The analytic report published by the Oilprice shows that Chinese buyers of oil, including state-oil companies and independent refiners, imported a total 1.26 million barrels per day (bpd) of oil from Saudi Arabia in July, a record low that have come mainly as a result of high benchmark prices set by Persian Gulf Arab producers for orders placed in April.
For two years, Saudi Arabia has been either the number-one or number-two oil supplier to China, the world’s top oil importer.
However, a slump in global oil prices that began in March and continued into April, mainly a result of a price war between Saudi Arabia and Russia and the subsequent decline in demand for oil because of the coronavirus pandemic, pushed many Chinese buyers to look for ultra-cheap oil.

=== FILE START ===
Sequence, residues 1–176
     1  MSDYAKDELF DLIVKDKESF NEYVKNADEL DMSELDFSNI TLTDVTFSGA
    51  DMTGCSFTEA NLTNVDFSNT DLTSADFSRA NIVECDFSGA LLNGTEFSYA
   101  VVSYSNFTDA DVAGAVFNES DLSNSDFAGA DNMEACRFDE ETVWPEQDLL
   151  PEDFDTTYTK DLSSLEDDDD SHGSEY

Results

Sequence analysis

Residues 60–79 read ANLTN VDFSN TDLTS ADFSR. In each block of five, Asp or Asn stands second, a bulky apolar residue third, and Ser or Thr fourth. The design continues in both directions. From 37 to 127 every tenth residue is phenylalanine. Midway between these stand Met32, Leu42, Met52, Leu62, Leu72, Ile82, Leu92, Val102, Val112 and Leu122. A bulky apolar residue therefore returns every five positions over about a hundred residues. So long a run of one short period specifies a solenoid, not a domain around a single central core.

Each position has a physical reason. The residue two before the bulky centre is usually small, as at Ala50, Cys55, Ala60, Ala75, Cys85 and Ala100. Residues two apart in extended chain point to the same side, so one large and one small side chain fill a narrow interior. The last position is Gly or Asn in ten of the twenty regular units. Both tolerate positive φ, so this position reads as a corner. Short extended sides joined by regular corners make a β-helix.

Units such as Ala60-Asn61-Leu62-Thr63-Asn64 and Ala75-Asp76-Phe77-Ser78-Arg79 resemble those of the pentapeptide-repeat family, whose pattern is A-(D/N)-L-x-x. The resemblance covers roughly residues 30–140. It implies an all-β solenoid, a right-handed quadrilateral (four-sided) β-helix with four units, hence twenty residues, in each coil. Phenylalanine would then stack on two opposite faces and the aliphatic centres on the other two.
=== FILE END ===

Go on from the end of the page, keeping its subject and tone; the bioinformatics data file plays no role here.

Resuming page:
That caused imports into China from America to surge at the expense of Saudi Arabia. In fact, imports from the United States and Brazil increased in July, showing that Chinese preferred supplies that took almost 45 days to reach the country from America over the cargoes on the shorter route between the Middle East and China.
The report predicted that Saudis would have to wait for months to be able to capture their previous share of the Chinese market. It cited economic data as showing that supply of crude from the US and Brazil into China would continue to be strong in August and even in September as the Chinese buyers have continued to be price-conscious earlier this month when they chartered tankers for future deliveries.